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Phuket Tech Talk: WiFi Security vs Convenience

Central Festival recently announced it was giving shoppers free Wi-Fi access, and that using it would be ‘hassle-free’.

By Byron Noel

Monday 2 December 2013, 04:58PM


Though many individual stalls already offer this service, this marks the first time that all members of the public will have access to complimentary internet around the mall.

I decided to test it and see, first-hand, what kind of service the mall’s visitors would receive.

The first step, after managing to find the information booth, was signing up. I was a bit surprised that passports, or ID cards, were needed in order to register.

The signing up process took a few minutes as the friendly lady gave my girlfriend and I our log-in information.

After that, a leisurely stroll around the first floor found most of the areas well-covered, with the strongest signal around the information desk and food court area.

The second floor is supposed to have signal as well, but I could only manage a connection by holding the device over the central court. When we did get signal, the connection was fast enough for average browsing, messaging and social apps.

The Ookla Speed Test app on both devices (smartphone and tablet) gave us a relatively strong 1Mbps download speed, with a similar upload speed.

However, this was relatively close to opening time and the system did slow a little as the mall filled up over the next three hours.

All in all, not completely hassle free, but still a welcome addition to the services already on offer at Central Festival.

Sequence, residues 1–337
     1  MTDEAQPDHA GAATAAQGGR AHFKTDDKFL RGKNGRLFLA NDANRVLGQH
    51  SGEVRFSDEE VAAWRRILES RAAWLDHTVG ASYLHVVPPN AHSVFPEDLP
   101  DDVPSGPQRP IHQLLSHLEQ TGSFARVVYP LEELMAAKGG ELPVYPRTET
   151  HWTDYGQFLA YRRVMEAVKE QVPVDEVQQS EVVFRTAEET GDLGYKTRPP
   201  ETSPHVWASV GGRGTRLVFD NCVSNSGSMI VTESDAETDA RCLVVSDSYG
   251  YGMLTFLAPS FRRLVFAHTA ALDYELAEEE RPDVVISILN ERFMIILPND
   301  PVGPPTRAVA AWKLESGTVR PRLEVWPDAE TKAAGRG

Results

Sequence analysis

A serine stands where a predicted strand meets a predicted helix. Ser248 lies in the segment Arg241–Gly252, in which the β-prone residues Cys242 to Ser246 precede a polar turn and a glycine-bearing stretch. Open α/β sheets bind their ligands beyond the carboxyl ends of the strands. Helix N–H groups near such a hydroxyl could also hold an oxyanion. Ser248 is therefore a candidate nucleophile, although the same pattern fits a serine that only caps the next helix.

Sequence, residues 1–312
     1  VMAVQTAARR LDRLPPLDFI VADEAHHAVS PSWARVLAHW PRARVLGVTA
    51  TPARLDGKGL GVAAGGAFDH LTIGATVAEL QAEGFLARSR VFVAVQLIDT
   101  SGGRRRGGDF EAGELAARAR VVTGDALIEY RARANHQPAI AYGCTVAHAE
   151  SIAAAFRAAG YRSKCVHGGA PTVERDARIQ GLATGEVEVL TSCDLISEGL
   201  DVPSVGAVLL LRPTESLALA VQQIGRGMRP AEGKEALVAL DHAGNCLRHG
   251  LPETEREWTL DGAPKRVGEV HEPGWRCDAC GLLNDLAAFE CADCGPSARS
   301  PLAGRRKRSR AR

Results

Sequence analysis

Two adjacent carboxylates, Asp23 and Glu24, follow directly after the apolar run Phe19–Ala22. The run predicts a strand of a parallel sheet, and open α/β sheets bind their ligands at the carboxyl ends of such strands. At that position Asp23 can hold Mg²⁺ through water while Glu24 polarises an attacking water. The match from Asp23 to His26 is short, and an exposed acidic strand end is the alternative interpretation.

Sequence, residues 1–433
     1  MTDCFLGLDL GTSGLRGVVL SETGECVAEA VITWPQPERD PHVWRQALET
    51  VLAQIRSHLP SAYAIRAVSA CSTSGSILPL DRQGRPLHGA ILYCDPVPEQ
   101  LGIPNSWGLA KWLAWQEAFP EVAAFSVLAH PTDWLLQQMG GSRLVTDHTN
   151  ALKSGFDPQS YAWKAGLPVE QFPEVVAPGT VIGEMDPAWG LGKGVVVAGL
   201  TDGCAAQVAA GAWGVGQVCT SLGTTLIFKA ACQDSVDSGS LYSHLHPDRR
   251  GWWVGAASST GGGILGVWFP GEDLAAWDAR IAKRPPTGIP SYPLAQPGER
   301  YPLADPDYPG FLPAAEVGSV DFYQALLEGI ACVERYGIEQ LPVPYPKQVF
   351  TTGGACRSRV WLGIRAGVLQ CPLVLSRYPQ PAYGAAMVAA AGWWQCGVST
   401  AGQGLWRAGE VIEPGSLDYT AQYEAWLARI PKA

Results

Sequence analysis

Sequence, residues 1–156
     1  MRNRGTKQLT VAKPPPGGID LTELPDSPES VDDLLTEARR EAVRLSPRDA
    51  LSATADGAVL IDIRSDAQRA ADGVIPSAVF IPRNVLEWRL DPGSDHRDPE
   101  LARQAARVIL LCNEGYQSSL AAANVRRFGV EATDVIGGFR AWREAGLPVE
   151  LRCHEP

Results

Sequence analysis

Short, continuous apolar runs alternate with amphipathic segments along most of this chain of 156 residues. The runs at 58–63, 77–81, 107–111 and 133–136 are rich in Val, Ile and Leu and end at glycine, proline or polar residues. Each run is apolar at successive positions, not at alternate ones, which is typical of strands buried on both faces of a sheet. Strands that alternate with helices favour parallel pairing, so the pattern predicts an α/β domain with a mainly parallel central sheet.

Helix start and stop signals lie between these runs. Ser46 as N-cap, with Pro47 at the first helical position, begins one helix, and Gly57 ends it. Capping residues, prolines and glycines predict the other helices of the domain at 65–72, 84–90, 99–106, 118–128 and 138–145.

To be honest, no-one should have trouble connecting to the internet while in Phuket. There is simply so much free Wi-Fi on offer.

Some may have already noticed that the TOT offers Wi-Fi in many public areas around Phuket though its ICT Free Wi-Fi campaign.

This is all great, until you consider just how unsafe these networks are.

In the last year, we have seen a sharp increase in cyber fraud, committed through information being stolen from devices or by coaxing it from the user.

Where you connect can be just as important as how you connect. Free and public Wi-Fi is inherently dangerous because you never know who else is on the network, trying to steal your information. You would be surprised at how easily it can be done.

Luckily, it can also be easily avoided by downloading a free security application for your device, or a programme for your PC.

So what to download? For an Android device I would suggest the free ‘360 Mobile Security’ app; for iOS devices ‘Lookout’ provides a nice package, with a trial period before you have to pay anything.

For the PC; the options are endless but I would suggest the security suites from either Commodo, AVG, Avira or Norton, all of which can easily be found through an internet search.

Experienced users can stick to the free options, but those who want to be looked after with minimal user input, should consider a full paid suite.

Considering how much personal information is stored on our personal devices there is no excuse for not having even the most basic security.

Still we must remember that the greatest security risk, in any system, is always the user. Most digital fraud is still committed by bogus calls, emails and messages that pry information from the user. One must always be skeptical when asked for sensitive information.

Now, if you would all kindly email me your credit card details; I have a Malaysian businessman that needs your help, specifically, getting his millions out of the country... 

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